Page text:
By looking more closely at how false information moves and mobilizes people, we can develop a richer picture of not only how much fake news circulates and how it resonates amongst varying publics. This column is exploring new and more subtle ways of looking at the fake news phenomenon and how our lives are mediated in an age of data platforms. Here is what we found why reports of events don't match outcomes.
Six months after the United States elections, where media reports affirm a Democratic Party victory but the results return Republicans as winners. Since then, fake news remains high on media, political and public agenda; sparking off a wave of concern in countries around the world. This is because without reliable and truthful information governments cannot plan and communications will turn awry. Media and technology companies have established new projects charged with ten thousand person units to deal with them-leading to concerns about solutions. Governments and public institutions have launched investigations to research and respond to these issues.
The term: fake news has become a keyword for both the media and political parties who contest it. Those institutions do not want the public to know it as corrupt enrichment. Driven by countless reports, opinion columns and despite numerous attempts to declare the issue dead, the issue endures like an endless argument where no one could give a convincing judgment. Amidst the panic, what are we to make of this politicized issue? How we are to collectively respond to this phenomena is the centre of our concern.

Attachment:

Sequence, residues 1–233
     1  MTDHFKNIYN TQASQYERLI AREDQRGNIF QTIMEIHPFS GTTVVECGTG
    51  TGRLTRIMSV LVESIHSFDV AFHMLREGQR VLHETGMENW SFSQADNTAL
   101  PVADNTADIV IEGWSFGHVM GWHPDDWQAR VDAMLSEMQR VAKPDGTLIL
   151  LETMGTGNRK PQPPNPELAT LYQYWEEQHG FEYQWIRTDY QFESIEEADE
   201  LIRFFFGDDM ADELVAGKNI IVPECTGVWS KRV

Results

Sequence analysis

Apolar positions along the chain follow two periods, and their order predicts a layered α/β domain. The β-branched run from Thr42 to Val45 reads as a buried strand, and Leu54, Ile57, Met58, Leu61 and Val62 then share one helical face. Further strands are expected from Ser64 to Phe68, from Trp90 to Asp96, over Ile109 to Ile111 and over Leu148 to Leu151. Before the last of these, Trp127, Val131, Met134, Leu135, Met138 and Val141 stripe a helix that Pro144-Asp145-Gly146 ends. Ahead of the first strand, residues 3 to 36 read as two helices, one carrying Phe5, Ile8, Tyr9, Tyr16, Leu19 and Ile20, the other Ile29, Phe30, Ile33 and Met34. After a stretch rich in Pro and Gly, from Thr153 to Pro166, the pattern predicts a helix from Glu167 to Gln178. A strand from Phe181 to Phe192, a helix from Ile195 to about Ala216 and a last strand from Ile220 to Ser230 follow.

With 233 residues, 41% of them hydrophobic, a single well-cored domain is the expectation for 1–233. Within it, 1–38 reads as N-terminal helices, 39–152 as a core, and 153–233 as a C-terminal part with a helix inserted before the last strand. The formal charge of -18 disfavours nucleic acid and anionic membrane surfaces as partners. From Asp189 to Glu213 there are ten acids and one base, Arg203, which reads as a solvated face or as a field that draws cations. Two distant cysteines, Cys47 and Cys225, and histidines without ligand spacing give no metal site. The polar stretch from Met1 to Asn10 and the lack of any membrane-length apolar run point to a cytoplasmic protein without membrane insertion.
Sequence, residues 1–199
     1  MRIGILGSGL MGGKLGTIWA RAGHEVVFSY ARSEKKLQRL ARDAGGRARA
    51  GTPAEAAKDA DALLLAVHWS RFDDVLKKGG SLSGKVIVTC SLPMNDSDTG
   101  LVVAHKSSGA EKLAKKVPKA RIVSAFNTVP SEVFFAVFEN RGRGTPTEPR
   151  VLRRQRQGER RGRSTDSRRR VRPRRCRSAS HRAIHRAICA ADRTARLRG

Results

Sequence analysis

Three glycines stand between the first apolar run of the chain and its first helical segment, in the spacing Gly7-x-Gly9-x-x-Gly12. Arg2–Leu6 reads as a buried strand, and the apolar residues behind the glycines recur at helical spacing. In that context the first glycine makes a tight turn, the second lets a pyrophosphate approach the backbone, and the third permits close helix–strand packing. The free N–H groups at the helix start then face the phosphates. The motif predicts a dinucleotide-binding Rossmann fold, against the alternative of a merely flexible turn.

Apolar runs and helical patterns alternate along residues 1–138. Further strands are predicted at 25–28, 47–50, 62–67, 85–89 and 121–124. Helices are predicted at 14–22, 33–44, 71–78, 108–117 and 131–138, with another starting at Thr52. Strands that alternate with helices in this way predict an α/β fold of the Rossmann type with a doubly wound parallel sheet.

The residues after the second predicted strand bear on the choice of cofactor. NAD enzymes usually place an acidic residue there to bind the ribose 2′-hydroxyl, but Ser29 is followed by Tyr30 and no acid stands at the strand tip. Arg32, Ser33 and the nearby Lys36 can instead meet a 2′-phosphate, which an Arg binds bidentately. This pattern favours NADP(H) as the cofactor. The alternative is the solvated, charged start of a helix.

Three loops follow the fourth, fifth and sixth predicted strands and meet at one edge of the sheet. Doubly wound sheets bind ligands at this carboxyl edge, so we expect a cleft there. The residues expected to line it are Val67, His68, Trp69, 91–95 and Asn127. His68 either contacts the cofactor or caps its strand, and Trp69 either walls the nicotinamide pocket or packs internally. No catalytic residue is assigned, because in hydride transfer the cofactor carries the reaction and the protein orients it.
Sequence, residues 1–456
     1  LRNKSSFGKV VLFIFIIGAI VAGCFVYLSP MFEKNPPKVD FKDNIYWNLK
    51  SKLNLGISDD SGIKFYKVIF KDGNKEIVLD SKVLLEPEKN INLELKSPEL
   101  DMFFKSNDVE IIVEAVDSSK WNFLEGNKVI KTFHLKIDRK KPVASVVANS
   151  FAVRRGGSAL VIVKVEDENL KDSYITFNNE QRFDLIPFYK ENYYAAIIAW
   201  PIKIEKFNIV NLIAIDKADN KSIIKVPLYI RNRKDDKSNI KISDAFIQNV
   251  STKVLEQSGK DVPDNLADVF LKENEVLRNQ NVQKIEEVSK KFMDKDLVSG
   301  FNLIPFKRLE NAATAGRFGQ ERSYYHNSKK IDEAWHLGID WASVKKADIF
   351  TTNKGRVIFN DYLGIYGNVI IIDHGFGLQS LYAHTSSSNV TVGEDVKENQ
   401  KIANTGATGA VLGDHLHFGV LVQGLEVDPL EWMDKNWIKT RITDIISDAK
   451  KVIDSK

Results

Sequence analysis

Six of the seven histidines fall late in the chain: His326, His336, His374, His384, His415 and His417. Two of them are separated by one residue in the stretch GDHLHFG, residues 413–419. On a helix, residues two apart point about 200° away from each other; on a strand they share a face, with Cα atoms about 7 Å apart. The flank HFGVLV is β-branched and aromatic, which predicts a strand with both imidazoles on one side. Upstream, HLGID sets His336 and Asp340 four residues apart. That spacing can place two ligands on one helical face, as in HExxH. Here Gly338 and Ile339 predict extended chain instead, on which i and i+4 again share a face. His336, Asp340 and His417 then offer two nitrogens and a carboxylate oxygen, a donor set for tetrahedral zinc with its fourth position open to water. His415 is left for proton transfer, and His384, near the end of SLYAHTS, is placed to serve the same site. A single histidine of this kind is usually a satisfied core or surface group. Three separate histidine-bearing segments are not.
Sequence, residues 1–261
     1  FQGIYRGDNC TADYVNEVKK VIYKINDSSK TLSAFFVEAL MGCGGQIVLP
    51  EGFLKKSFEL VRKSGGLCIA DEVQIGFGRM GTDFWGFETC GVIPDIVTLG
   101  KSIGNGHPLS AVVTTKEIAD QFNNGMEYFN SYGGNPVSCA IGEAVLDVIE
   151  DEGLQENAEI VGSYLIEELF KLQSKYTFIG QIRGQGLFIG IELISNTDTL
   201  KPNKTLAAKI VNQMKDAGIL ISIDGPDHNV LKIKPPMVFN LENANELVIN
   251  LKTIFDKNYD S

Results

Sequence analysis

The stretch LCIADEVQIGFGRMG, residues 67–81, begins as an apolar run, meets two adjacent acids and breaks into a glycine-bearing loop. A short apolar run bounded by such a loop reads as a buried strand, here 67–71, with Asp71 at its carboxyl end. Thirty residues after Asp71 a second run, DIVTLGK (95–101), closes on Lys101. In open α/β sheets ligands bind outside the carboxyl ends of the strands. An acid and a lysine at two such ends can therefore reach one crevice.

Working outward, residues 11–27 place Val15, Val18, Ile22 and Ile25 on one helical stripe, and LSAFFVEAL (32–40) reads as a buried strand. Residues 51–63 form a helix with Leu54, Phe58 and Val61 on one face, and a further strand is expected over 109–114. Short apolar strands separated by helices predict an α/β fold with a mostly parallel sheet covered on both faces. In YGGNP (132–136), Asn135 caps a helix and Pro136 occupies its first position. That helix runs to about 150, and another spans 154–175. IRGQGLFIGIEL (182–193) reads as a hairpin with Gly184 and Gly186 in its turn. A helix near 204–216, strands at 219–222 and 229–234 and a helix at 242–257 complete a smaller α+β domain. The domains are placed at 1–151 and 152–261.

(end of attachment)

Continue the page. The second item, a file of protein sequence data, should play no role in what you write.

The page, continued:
As a researcher of economic, social and cultural inquiry, I have been engaged in some projects tracing the production, circulation and reception of fake news online and to see how we might bring fresh perspectives to this debate. This is fascinating object of inquiry because of its highly contested character which tells us the nature of social institutions whose functions we may not usually notice as does social feelings and blind spots.
Our concern isn't just because fake news is being exploited routinely by advertisers, the media and politicians but rather that the rules and norms that bind us together are being violated- perhaps for fun, profit or political gain. But in following fake news online, we encounter not only rogue producers, propagandists but also xenophobic and hyper partisan mobilizations. We also learn about the patterning and politics of collective life online, with different technological and economic modes of organization that undergird it.
Here, we have the uncanny perception that, in hot pursuit of the perpetrator, is a trail leading to our doors as media practitioners. The platforms at the centre of fake news can be understood, not as black boxes but as relational achievements that involve and evolve alongside our own lives online and on the social media.
One can make the point that holder of the fake news weapon is not the only one with blood on his hands. Indeed, the issue can be leveraged as an opportunity for reflection, economic imagination, thoughtful attention with ambitious interventions around the platforms and infrastructures which pattern our lives in this digital age.
Beyond becoming more efficient at work as media practitioners, there are many ways of seeing fake news. One, fake news challenges binary conceptions of fakeness. Two, fake news challenges sharp distinctions between content and circulation. Three, fake news is driven by corruption. It is made possible by the economics and the platforms of the web. Finally, fake news websites and initiatives responding to them often have different publics. Fake news was responsible for the failure of the media to predict Brexit, Buhari's and Donald Trump's victories. Fake news is fueling distrust for the media. It is painting the media as being corrupt.